In accordance with the procedure of Example I, a latex was prepared, cast on glass and dried to provide resulting particles which were then removed from the glass and stored for six months in a dry place at ambient room temperature. A component A was prepared by adding an equal weight of the particles to an equal weight of water whose pH had been adjusted to 10 by-the addition of ammonium hydroxide. The mixture was then stirred to form an emulsion. To this emulsion was added three parts of an 18% solution of sodium caseinate. A component B was prepared by mixing parts of coating clay, 03 part of tetrasodium pyrophosphate and 57 parts of an 18% solution of sodium caseinate. The mixing of components A and B gave a com position comprising approximately 50% solids and 18% total adhesive. This composition was applied to paper with a roller coater. The resulting paper then included about 10% by weight of coating. The I.G.T. printability (No. 2IPI ink) was 200 feet per minute.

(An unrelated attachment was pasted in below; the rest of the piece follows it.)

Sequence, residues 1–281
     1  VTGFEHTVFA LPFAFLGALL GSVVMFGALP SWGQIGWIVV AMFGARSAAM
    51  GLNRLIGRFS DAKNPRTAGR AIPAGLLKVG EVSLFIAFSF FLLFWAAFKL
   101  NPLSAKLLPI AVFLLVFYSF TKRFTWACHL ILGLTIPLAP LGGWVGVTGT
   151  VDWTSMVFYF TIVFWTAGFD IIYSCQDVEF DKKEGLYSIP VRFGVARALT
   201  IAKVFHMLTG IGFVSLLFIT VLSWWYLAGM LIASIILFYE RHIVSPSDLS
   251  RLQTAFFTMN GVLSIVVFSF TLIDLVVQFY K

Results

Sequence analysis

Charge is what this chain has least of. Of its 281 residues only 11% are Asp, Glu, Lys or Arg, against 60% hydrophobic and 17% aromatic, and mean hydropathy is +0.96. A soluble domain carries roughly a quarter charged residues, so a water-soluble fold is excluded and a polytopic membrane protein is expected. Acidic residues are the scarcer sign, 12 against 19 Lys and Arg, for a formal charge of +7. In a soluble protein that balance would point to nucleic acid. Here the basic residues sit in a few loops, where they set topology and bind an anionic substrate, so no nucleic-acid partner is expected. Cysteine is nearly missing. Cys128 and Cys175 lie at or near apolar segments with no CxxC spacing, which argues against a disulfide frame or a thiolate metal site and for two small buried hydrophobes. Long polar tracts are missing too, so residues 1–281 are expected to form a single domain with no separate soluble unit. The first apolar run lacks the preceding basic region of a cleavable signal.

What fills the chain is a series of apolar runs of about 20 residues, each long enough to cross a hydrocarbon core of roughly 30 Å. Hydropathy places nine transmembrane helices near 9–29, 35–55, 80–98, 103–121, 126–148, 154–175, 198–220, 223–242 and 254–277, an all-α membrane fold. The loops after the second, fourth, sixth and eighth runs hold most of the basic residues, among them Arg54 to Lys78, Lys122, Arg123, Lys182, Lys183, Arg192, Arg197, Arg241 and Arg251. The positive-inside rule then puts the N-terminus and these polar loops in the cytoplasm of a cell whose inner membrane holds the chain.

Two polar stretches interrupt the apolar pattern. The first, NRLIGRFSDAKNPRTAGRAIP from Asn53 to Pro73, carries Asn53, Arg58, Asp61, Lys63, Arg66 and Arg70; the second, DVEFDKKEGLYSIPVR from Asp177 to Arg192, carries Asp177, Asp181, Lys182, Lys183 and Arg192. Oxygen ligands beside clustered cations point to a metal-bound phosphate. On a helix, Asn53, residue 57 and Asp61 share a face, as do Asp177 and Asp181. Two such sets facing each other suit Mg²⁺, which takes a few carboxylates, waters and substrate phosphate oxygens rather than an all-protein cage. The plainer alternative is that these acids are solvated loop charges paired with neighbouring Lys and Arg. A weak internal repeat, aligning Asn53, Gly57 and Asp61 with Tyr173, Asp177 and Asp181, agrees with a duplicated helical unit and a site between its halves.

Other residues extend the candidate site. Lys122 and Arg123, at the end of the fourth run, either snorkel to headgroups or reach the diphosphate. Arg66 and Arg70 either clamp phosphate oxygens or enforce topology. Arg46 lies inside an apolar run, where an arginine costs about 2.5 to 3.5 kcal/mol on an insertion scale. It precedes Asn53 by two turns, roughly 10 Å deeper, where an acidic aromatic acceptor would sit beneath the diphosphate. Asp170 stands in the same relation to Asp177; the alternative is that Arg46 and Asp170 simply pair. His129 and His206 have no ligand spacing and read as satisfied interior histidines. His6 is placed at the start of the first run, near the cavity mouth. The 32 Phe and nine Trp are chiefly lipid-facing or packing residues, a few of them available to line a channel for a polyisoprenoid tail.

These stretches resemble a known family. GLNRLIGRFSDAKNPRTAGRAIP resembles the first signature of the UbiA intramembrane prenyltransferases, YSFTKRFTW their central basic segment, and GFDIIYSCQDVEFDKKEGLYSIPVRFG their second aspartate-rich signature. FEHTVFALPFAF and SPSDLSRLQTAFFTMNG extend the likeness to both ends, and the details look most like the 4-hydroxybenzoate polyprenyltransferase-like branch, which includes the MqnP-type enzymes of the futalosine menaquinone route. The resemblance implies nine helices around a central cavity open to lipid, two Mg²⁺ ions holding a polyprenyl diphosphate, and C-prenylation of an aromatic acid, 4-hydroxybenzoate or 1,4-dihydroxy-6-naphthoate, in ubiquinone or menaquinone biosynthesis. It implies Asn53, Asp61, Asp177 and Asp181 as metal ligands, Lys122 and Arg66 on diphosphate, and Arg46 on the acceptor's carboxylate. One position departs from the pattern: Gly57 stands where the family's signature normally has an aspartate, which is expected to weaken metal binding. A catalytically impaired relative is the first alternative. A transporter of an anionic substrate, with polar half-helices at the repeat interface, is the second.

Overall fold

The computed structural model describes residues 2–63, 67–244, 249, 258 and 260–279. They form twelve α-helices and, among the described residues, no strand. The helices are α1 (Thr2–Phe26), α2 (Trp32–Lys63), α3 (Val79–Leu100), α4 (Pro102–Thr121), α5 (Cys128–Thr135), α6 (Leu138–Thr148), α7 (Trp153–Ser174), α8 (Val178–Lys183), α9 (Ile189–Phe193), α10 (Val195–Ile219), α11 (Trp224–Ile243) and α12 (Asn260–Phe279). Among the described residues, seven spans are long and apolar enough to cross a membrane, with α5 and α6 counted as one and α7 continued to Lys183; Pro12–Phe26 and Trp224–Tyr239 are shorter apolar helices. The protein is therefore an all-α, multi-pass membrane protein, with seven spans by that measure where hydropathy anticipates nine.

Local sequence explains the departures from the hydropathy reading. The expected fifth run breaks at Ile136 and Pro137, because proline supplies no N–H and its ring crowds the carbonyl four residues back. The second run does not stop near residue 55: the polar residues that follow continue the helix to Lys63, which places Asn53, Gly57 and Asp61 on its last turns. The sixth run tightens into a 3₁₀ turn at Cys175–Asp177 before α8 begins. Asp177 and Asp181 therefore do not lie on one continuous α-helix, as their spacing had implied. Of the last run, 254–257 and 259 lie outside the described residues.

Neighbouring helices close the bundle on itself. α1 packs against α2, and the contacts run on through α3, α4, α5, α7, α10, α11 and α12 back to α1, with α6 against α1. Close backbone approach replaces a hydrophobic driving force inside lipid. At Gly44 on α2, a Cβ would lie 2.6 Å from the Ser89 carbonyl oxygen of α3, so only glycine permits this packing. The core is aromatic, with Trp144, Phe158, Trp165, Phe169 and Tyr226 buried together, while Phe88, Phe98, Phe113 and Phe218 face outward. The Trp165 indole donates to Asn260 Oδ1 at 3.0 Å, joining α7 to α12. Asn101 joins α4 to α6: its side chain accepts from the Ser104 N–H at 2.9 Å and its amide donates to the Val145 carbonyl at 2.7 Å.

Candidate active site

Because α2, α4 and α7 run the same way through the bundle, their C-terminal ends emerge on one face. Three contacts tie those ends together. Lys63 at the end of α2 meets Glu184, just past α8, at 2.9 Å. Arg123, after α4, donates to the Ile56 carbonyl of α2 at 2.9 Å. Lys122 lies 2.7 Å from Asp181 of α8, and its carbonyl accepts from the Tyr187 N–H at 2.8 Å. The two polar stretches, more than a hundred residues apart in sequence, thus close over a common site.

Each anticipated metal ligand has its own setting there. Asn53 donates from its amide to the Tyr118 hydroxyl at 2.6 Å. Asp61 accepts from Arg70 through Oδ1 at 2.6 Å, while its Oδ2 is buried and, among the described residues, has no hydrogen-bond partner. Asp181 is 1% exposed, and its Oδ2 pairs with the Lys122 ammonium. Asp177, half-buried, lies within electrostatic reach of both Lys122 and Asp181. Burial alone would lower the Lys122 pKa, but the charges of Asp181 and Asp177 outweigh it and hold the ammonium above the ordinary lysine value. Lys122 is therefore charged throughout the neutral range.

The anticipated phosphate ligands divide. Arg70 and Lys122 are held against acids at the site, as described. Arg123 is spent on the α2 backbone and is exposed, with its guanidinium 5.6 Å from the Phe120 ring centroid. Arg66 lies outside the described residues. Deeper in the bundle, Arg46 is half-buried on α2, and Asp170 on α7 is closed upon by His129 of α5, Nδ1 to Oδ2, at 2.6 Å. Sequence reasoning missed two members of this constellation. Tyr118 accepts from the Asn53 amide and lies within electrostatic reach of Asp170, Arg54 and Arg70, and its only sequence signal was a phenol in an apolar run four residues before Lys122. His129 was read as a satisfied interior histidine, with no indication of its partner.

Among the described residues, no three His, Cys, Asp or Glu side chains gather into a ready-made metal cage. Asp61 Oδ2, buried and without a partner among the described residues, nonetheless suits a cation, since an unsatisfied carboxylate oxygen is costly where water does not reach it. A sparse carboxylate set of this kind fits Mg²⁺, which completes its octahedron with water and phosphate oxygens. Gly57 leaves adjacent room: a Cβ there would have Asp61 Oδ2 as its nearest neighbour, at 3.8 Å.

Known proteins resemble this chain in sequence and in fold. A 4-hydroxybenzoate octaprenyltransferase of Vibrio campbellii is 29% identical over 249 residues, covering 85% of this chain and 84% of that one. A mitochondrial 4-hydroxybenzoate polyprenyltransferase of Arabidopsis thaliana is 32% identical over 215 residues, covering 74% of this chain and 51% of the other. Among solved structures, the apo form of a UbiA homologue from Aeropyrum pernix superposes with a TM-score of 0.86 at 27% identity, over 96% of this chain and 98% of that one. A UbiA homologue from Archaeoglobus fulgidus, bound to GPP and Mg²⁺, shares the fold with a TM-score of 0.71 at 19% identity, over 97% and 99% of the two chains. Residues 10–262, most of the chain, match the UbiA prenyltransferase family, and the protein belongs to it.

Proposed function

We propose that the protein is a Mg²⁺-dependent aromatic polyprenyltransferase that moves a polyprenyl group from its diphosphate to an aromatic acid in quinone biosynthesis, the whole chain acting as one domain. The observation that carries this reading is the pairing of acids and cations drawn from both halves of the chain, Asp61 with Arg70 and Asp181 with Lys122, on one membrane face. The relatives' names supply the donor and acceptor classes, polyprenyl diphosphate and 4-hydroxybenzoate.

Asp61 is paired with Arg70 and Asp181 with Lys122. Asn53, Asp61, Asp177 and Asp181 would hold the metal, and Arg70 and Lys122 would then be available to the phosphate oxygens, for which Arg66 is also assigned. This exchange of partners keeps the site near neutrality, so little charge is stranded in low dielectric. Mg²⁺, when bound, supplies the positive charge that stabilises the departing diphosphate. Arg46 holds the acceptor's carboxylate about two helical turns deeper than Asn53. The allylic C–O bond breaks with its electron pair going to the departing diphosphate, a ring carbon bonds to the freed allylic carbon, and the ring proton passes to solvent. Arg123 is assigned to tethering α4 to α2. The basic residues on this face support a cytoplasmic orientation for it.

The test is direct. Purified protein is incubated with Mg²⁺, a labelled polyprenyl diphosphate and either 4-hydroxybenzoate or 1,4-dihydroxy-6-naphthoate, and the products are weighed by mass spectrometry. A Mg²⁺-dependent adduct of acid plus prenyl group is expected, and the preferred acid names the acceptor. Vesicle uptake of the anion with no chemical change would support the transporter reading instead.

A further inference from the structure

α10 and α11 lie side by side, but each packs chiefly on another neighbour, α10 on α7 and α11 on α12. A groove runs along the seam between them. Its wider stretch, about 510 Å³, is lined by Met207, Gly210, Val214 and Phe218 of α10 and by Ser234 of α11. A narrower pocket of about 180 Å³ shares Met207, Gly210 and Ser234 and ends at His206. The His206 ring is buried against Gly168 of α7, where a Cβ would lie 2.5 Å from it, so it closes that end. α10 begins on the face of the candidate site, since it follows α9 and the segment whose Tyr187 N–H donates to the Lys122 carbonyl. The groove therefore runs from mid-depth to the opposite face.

EXAMPLE XVI The reconstituted latices of this invention show utility in the preparation of textile sizings and rug backings and for such use they are compounded with conventional clays and whitings.

Particles were made according to the procedure of Example I by casting the latex on glass and drying. After the particles had been stored for six months at ambient temperature, 480 grams of the dried particles were added to 520 grams of water. The mixture was stirred while the pH was adjusted to 9.5 with monoethanol amine to form an emulsion. To this was added filler clay (3000 g.) and sodium pyrophosphate as a dispersant (3.0 g.). The resulting mixture was applied to a rug as a backing, thereby producing a backsizing of good stiffness, good aging characteristics, good color retentions after heat treatment, good wearing properties, and high resistance to abrasion.

EXAMPLE XVII The reconstitutable latices of this invention show utility as the dry ingredient in cement or mortar mixtures.